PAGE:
Category Archives: Transit-Oriented Development

Transport Nexus in the Polish Triangle

Looking southwest from the Polish Triangle

Of great interest to this site is the connection, or nexus, between transportation and land use.  One prominent example of this failure of this nexus is at the southwest corner of Ashland Ave., Division St. and Milwaukee Ave., historically known as the Polish Triangle. Now part of the East (Ukrainian) Village neighborhood, this site is commonly known as the “Pizza Hut” site.

Needless to say, it is an abomination that this site was designed (allowed) in such a way as to maximize the use of the automobile when you have the following conditions present:

  • Access to the CTA Blue Line at Division St.
  • The #70 Division bus (running east-west) stop literally next to the property
  • The #56 Milwaukee bus (running NW-SE) and #8 Halsted bus (running north-south) stops across the street.
  • Designated, striped bike lanes on Division St. and Milwaukee Avenue.
  • Rare pedestrian space in the plaza like setting of the Polish Triangle.
Thankfully, this egregious market failure will be rectified.
It seems that after years of waiting, East Village residents will get what they have always wanted: 
In early 2007, immediately after the Pizza Hut was shuttered, a coalition of community organizations lead by the East Village Association set forth four policies for redevelopment of the property. They called for a significant building that was mixed-use, high density and transit oriented.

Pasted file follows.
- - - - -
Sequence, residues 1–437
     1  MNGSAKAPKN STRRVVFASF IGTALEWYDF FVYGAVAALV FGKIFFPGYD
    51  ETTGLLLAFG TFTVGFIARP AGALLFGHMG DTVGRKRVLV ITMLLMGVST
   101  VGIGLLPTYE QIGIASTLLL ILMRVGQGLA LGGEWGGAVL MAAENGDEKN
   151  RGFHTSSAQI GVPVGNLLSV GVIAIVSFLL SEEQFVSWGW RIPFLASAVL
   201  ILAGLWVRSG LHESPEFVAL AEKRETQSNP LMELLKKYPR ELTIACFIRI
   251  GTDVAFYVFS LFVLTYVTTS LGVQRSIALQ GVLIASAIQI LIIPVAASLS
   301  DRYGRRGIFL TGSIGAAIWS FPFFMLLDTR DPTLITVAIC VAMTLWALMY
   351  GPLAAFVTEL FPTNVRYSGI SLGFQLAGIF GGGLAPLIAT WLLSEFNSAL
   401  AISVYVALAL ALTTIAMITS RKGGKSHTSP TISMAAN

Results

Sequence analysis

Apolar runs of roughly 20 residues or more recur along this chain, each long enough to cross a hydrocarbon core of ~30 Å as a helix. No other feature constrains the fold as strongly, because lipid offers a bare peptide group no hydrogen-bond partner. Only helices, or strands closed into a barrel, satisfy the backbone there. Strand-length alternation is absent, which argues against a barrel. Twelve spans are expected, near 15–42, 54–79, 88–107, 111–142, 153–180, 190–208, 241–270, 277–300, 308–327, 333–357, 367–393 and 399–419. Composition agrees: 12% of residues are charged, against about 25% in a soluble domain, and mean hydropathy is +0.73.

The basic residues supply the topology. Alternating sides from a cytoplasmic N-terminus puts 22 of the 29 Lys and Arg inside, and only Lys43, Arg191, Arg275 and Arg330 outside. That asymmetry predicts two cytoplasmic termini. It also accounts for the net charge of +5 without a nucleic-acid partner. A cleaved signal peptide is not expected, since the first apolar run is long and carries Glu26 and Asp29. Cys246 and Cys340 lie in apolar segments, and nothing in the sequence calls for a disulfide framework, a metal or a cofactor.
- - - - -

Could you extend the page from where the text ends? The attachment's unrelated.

This is, of course, despite the fact that the site faced significant development pressure for a Walgreens and various drive-thru bank facilities. Instead, the community got this:

11 story mixed use building.

The building is an 11-story mixed use facility with ground level retail, second floor office and  apartments above. Reportedly, a coffee shop and bank are among the tenants thus far. 117 apartment units are provided with 35 parking spaces provided, 15 on site. One concession: a drive-thru for the bank using an existing curb cut. Interestingly enough, the 20 off-site parking spaces are in a parking lot adjacent to the property, home to an auto-oriented Wendy’s. The parking will not be available to residents, only for visitors, customers, and car sharing. This seems right.

What I find most interesting is that the developers acknowledge that the apartments are primarily for people who do not own cars. It is a tacit admission that not everyone needs a car, that the site will take advantage of its nexus to so many other transportation options that a car can be just one option among many, rather than catered to and coddled into the site. When you have this many transportation options and an urban environment designed for pedestrians, this concept had to fit within and respect those parameters.  Kudos to the East Village community and developers Rob Buono and Paul Utigard. If more people thought like this we would have more Strong Towns. 

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Filed under Transit-Oriented Development, Urban Design

Access to Transit

Metra and TOD in Morton Grove. Source: katherine of chicago @Flickr